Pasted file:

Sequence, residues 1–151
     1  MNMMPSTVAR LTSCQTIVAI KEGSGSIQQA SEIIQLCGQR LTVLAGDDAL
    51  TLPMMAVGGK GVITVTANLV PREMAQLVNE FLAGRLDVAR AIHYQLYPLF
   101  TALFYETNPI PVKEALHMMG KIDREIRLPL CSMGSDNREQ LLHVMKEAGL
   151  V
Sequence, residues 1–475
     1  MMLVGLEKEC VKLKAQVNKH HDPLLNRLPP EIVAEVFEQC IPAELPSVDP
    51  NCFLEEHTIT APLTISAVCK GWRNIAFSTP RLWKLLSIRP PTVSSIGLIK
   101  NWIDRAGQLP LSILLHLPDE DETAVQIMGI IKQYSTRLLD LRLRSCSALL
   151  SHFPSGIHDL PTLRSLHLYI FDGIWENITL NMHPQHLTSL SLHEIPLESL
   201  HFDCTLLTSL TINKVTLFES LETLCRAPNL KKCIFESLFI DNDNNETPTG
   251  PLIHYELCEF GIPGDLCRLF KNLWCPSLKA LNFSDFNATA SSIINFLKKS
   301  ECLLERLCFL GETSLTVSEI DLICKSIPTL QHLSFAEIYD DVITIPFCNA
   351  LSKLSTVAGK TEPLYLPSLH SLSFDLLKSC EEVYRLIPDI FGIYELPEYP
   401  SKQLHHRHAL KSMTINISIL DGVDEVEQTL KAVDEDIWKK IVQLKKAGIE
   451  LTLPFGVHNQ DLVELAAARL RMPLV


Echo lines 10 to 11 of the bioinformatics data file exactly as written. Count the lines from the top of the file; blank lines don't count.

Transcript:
   151  SHFPSGIHDL PTLRSLHLYI FDGIWENITL NMHPQHLTSL SLHEIPLESL
   201  HFDCTLLTSL TINKVTLFES LETLCRAPNL KKCIFESLFI DNDNNETPTG